Posts about specific BOM company members.
Posted by Amanda Farrar on March 18, 2015
The Monkey Minute
That's Weird Grandma
After School Program
After teaching creative writing residencies in a Chicago Public School or the Chicago Park District, teaching artists collect the students’ notebooks and share them with several of the company’s ensemble of professional actors and musicians. Together, the teaching artists, actors, and musicians adapt selected stories for the stage and return to the school to present an original performance drawn entirely from the student-written material.
The experience of seeing their work performed in front of an audience of their peers is profoundly moving and empowering for the student-authors. The experience of performing student-work for the authors themselves can be intensely challenging and stressful for the Monkeys, because as much as we try, not every adaptation is an A+. As Oona Kersey Hatton experienced, students can be our greatest critics and our greatest teachers.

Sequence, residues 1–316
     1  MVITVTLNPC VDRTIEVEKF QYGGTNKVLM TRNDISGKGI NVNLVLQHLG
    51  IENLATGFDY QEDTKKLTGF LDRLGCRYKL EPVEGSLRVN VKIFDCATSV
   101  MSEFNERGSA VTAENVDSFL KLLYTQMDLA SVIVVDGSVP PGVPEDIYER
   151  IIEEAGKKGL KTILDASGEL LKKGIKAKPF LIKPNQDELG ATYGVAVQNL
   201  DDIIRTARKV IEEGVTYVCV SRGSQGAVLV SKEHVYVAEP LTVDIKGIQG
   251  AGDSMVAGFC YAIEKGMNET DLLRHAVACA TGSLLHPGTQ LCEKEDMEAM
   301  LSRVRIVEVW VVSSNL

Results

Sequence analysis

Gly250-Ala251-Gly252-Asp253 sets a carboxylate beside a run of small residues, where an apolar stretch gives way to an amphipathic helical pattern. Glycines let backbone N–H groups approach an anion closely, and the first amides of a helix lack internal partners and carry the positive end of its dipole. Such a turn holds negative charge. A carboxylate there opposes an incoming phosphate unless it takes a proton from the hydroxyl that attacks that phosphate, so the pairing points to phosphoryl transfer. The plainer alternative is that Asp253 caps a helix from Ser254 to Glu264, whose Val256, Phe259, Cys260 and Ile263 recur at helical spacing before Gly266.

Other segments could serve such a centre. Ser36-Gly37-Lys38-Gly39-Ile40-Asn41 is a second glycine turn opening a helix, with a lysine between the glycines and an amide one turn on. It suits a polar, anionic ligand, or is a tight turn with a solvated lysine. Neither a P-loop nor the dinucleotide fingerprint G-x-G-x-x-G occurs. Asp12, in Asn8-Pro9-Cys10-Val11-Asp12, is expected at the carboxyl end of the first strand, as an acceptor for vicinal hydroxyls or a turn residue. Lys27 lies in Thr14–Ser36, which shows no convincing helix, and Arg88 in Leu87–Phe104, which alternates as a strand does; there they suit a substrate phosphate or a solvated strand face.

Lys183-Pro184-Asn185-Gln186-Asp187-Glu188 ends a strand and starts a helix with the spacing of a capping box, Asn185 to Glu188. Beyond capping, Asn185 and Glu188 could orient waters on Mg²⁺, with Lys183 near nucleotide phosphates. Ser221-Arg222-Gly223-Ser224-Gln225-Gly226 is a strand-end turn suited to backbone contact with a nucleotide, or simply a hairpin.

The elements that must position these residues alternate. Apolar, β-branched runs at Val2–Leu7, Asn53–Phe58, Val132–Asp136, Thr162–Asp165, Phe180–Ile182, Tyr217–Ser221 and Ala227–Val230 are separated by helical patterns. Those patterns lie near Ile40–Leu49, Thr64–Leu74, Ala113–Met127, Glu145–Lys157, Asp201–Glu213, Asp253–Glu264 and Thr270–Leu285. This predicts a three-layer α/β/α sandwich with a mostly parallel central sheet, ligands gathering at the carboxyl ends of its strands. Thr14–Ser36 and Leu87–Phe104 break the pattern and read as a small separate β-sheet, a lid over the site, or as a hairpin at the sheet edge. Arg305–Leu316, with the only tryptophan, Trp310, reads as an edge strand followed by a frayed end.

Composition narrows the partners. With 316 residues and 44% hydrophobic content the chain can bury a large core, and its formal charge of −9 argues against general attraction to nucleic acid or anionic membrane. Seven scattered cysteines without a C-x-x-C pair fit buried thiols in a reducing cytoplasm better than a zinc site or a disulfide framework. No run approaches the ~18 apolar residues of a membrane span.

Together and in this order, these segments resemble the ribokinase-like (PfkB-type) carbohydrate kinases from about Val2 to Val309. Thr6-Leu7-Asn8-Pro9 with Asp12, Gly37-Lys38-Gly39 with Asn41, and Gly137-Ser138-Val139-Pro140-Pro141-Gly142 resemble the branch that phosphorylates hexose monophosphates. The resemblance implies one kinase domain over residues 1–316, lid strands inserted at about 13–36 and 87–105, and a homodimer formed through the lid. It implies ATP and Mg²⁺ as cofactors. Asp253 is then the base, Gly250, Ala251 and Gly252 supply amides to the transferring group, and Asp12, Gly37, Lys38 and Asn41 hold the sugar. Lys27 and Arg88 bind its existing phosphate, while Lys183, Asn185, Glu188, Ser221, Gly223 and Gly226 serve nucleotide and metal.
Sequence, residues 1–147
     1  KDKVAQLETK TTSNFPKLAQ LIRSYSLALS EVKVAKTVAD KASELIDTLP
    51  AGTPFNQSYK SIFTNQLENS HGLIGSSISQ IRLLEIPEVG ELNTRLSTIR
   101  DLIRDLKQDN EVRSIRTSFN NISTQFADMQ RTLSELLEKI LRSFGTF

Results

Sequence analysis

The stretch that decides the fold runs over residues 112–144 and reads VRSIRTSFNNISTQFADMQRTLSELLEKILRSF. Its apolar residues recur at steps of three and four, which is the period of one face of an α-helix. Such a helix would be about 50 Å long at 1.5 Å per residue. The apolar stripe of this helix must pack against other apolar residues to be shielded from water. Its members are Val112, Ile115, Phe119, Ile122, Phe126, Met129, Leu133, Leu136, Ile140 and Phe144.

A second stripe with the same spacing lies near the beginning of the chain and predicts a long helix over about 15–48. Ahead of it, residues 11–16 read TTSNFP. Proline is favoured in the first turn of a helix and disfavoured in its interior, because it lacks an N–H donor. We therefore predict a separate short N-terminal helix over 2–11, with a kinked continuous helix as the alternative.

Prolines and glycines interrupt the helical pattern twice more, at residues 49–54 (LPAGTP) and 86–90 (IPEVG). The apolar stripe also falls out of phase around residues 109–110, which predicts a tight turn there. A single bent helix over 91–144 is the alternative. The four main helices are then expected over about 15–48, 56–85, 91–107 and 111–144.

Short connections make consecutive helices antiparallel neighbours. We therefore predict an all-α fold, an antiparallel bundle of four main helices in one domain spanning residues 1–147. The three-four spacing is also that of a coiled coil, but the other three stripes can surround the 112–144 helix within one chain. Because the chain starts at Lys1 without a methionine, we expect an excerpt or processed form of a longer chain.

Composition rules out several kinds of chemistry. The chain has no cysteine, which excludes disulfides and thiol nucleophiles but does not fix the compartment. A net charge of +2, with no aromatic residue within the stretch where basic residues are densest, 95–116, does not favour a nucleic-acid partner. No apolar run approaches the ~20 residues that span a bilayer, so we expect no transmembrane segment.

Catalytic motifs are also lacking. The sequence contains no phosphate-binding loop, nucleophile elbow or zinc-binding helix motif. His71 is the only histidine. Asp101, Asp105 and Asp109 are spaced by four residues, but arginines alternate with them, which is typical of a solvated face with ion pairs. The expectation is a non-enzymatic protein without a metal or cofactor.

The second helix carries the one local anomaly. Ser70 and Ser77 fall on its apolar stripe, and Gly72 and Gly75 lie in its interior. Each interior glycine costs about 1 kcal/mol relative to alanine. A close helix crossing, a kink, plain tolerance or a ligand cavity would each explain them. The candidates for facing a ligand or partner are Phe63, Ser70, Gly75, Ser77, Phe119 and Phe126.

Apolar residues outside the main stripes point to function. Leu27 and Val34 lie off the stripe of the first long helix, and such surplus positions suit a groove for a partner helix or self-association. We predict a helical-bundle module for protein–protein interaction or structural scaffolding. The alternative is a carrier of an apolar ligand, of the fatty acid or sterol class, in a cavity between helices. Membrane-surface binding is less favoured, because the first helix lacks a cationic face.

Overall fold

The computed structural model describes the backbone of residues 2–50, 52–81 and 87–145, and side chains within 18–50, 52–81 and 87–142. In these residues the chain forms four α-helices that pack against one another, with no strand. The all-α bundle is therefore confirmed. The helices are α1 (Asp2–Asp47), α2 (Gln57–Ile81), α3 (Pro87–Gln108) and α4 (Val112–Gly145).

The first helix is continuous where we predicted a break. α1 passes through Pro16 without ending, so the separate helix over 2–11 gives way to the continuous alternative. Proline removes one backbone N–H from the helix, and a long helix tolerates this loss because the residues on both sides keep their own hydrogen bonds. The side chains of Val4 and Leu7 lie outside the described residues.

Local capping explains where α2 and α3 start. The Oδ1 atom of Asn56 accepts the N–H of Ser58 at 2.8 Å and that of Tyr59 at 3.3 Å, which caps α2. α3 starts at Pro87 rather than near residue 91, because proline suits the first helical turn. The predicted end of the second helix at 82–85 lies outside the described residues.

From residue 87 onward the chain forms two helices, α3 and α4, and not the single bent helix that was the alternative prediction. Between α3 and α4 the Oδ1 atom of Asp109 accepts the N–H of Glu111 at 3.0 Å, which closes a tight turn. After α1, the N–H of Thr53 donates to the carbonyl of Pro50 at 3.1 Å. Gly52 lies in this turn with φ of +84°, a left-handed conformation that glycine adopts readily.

How do the story adaptations currently being performed in That’s Weird, Grandma measure up? Come judge for yourself. Tickets available now for Sundays at 2pm through April 26 and only 2 more Monday at 8pm performances!
Adventures in Adaptation
By: Oona Kersey Hatton
I joined Barrel of Monkeys in 2000. At that time we were rehearsing in a converted warehouse space that was used during the day as a doggie daycare. It had a concrete floor and was surprisingly clean, with only the faintest redolence of the daytime occupants.